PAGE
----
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Real estate

U.S. housing market short 6.8 million homes, report says

Samantha Fields Jun 16, 2021
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Slowed construction of affordable housing over the past two decades has contributed to a nationwide shortage of dwellings. Drew Angerer via Getty Images
Real estate

U.S. housing market short 6.8 million homes, report says

Samantha Fields Jun 16, 2021
Heard on:
Slowed construction of affordable housing over the past two decades has contributed to a nationwide shortage of dwellings. Drew Angerer via Getty Images
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A report out Wednesday from the National Association of Realtors says the country is short about 6.8 million housing units.

One big reason is that the construction of new housing — especially housing that’s affordably priced, for buyers and renters — has slowed in the last 20 years.

“The short story is that we simply haven’t been producing enough housing,” said Daniel McCue, with the Joint Center for Housing Studies at Harvard.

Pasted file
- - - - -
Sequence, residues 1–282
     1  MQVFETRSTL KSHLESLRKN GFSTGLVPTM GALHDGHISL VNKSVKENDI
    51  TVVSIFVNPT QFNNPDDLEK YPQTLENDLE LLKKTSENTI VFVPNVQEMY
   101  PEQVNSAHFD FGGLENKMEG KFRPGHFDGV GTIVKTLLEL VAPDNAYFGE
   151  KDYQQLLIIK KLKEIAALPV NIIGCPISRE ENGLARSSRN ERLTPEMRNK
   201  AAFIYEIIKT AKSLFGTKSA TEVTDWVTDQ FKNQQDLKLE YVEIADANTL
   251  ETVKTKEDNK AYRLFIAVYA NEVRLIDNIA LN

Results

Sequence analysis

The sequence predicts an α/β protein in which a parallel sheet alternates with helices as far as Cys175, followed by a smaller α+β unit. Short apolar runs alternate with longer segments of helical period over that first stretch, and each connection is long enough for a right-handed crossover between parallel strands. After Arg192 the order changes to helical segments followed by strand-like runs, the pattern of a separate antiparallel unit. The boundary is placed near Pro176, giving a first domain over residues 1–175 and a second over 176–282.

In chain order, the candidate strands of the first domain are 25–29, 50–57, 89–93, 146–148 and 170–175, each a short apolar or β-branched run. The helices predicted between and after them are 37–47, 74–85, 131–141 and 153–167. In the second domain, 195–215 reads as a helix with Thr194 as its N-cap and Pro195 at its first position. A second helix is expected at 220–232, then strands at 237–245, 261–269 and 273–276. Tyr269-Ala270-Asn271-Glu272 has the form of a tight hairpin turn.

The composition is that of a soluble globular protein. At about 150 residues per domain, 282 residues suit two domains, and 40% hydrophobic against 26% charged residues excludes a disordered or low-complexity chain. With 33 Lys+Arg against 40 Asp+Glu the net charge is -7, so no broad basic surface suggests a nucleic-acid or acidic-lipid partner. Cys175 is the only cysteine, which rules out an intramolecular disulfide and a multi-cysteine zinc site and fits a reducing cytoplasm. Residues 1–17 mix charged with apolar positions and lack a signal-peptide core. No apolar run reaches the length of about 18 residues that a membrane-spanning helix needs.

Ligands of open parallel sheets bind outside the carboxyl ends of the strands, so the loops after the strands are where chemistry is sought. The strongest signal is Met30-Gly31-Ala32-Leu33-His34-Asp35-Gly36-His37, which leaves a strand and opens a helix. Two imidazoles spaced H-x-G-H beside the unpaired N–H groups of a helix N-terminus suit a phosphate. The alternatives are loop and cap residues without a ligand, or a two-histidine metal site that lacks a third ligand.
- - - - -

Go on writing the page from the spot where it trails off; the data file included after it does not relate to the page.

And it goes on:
McCue said that was especially true during and after the Great Recession, when construction of houses and apartments dropped way off. And since then?

“The housing that we have been producing has been focused on the high end,” McCue said, rather than on smaller and medium-sized homes.

Another lasting effect of the Great Recession is that fewer people are working in construction, according to Jenny Schuetz at the Brookings Institution.

“There was kind of a generation of people who would have gone into carpentry and plumbing and become electricians, who just didn’t go into that because construction shut down,” she said.

Now it’s taking a while to build that labor force back up. There are also fewer places to build new housing these days, Schuetz said — at least in the areas where people want to live.

“We’ve seen an increasing interest of people living closer into city centers, particularly in a handful of metro areas that have really hot labor markets. But those are places that have made it very difficult to build new housing.”

That’s because many of those markets have strict zoning regulations that only allow single-family homes or a certain level of density that’s already been reached.

And on the demand side, a lot more people are looking to buy, Schuetz said. Millennials are getting married, having kids and making more money, “so you’ve got this huge generation that’s suddenly ready to buy homes and expand the amount of space they’re living in. And the flip side of that is that baby boomers are staying in their homes longer.”

Add all that up? There just isn’t enough housing, new or old, to go around.

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